Is your child depressed blog on plenareno depression, psychiatry and mental health conferences

Is your child depressed? Here are the warning signs

Children & adolescents with medical illnesses can be diagnosed with the entire spectrum of anxiety of disorders including acute stress disorder, post-traumatic stress disorder, generalized anxiety disorder, anxiety disorder due to general medical condition, substance-induced anxiety disorder and anxiety disorder not otherwise specified, panic disorder, specific and social phobias, and obsessive compulsive disorder.

Anxiety disorders in children with medical illness have comorbid psychiatric and physical conditions where it is difficult to separate the physiological and psychological components of anxiety. Richardson et al (2006) looked at the relationship between asthma and anxiety. During the two week study period, youth ages 11–17 years with anxiety and/or depressive disorders had significantly more asthma symptom days and higher levels of both asthma symptoms and other physical symptoms such as headaches compared to youths without diagnoses of anxiety and/or depression, even when controlling for asthma severity. Chronic worry and stress/anxiety may decrease immune function, making an individual more susceptible to infections, increasing the severity of the pre-existing physical illness. Of note, adjustment to most chronic illnesses is not always predicted by the severity of the specific chronic illness but by other psychosocial factors such as parental adjustment, social support, intelligence etc. Somatic symptoms related to an actual physical illness may also lead to more frequent triggers for panic attacks and anxiety disorders. Also, illnesses, such as asthma, diabetes, or epilepsy, that may need close medical monitoring and can result in a medical crisis may also make a child more anxious about being away from home and their caregivers and contribute to increased rates of separation anxiety in children with medical illnesses.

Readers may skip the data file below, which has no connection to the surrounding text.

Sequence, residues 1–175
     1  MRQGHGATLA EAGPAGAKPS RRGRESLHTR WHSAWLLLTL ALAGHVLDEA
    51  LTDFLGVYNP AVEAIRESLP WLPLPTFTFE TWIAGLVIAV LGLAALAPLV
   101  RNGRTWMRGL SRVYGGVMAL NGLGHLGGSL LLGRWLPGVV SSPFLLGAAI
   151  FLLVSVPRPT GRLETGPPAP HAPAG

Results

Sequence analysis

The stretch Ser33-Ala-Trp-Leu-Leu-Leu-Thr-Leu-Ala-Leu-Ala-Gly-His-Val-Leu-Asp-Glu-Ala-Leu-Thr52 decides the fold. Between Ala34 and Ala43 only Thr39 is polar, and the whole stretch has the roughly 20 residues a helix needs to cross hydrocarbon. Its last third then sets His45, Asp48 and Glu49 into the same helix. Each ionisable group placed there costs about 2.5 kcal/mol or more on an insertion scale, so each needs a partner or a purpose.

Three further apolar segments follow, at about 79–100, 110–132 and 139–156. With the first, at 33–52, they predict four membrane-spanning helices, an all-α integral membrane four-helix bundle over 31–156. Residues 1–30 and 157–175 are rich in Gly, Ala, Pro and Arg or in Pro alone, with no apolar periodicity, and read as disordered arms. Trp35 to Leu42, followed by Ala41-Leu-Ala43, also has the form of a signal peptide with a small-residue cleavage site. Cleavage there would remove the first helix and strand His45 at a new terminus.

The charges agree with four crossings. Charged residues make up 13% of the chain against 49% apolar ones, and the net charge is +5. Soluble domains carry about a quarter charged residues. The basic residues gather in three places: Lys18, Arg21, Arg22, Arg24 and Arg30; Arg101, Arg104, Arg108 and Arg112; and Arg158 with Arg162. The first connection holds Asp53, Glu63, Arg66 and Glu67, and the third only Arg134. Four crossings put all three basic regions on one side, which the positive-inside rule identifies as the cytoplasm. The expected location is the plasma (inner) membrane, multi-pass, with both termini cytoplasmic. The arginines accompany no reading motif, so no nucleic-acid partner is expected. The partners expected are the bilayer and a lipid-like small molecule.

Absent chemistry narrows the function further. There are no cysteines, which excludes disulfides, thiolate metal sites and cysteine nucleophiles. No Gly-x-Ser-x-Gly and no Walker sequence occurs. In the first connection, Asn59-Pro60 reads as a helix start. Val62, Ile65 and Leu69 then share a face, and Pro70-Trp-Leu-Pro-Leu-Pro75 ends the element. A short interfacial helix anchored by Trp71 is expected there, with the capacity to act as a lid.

Signs of Childhood Depression

  • Doing poorly in school
  • Loss of interest in friends and favorite activities
  • Not eating or sleeping well
  • Feeling sad, hopeless and/or angry
  • Lack of self-esteem
  • Lack of enthusiasm, energy or motivation
  • Overreacting to criticism and having trouble dealing with authority figures
  • Being unable to focus, and acting restless and agitated

If your child shows signs of emotional distress, don't assume it will just pass. Young people need guidance from parents and other adults to understand and work through all the emotions they're experiencing. Encourage them to share their feelings, and get them help from a mental health professional with experience in child depression, especially if their mood keeps them from functioning normally day-to-day.